28. 28.
    B.D. Wibking, K. Varga, Phys. Lett. A 376, 365 (2012)CrossRefADSMATHMathSciNetGoogle Scholar
  29. 29.
    J. Muga, J.P. Palao, B. Navarro, I.L. Egusquiza, Phys. Rep. 395, 357 (2004)CrossRefADSMathSciNetGoogle Scholar
  30. 30.
    J. Aguilar, J. Combes, Commun. Math. Phys. 22, 269 (1971)CrossRefADSMATHMathSciNetGoogle Scholar
  31. 31.
    E. Balslev, J.M. Combes, Commun. Math. Phys. 22, 280 (1971)CrossRefADSMATHMathSciNetGoogle Scholar
  32. 32.
    J.L. Sanz-Vicario, E. Lindroth, N. Brandefelt, Phys. Rev. A 66, 052713 (2002)Google Scholar
  33. 33.
    D.L. Whitenack, A. Wasserman, Phys. Rev. Lett. 107, 163002 (2011)CrossRefADSGoogle Scholar
  34. 34.
    A.H. Larsen, U. De Giovannini, D.L. Whitenack, A. Wasserman, A. Rubio, J. Phys. Chem. Lett. 4, 2734 (2013)CrossRefGoogle Scholar
  35. 35.
    B. Simon, Ann. Math. 97, 247 (1973)CrossRefMATHGoogle Scholar
  36. 36.
    B. Simon, Phys. Lett. A 71, 211 (1979)CrossRefADSGoogle Scholar
  37. 37.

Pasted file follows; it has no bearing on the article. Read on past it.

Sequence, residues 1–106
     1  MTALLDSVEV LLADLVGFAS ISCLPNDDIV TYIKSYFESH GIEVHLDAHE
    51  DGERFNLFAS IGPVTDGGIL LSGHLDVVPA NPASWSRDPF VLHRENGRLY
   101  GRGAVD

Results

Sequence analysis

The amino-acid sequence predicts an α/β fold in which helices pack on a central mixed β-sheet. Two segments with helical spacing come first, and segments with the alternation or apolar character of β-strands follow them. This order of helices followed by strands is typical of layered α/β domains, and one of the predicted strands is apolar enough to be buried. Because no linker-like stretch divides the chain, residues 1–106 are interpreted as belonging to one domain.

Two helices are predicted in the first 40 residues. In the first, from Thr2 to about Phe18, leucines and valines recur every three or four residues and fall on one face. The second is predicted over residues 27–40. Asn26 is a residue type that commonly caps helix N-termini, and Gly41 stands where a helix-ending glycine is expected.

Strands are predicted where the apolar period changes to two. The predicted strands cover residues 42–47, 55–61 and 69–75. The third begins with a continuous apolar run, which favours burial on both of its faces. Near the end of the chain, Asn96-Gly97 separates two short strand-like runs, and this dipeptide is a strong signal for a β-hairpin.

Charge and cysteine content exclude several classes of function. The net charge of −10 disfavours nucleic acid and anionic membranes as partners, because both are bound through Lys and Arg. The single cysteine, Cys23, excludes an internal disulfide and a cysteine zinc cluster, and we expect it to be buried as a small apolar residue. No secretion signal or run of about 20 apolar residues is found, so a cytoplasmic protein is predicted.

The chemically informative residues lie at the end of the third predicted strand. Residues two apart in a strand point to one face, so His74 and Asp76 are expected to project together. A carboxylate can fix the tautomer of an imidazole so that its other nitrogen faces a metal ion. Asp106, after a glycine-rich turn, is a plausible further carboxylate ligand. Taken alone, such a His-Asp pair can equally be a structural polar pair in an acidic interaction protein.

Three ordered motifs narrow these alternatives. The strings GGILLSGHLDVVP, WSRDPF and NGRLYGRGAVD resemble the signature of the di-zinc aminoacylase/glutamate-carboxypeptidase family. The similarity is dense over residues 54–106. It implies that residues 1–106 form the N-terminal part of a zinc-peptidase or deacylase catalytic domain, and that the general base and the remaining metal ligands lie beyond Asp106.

C. McCurdy, C. Stroud, M. Wisinski, Phys. Rev. A 43, 5980 (1991)Google Scholar
  38. 38.
    U.V. Riss, H.D. Meyer, J. Phys. B 28, 1475 (1995)CrossRefADSGoogle Scholar
  39. 39.
    N. Moiseyev, J. Phys. B 31, 1431 (1999)CrossRefADSGoogle Scholar
  40. 40.
    O. Shemer, D. Brisker, N. Moiseyev, Phys. Rev. A 71, 032716 (2005)Google Scholar
  41. 41.
    A. Scrinzi, Phys. Rev. A 81, 053845 (2010)CrossRefADSGoogle Scholar
  42. 42.
    D. Macias, S. Brouard, J.G. Muga, Chem. Phys. Lett. 228, 672 (1994)Google Scholar
  43. 43.
    Á. Vibók, G.J. Halász, Phys. Chem. Chem. Phys. 3, 3048 (2001)CrossRefGoogle Scholar
  44. 44.
    D.E. Manolopoulos, J. Chem. Phys. 117, 9552 (2002)CrossRefADSGoogle Scholar
  45. 45.
    J.P. Palao, J. Muga, J. Phys. Chem. A 102, 9464 (1998)CrossRefGoogle Scholar
  46. 46.
    R. Zavin, I. Vorobeichik, N. Moiseyev, Chem. Phys. Lett. 288, 413 (1998)Google Scholar
  47. 47.
    A. Vibok, G.G. Balint-Kurti, J. Phys. Chem. 96, 8712 (1992)CrossRefGoogle Scholar
  48. 48.
    U.V. Riss, H.D. Meyer, J. Chem. Phys. 105, 1409 (1996)CrossRefADSGoogle Scholar
  49. 49.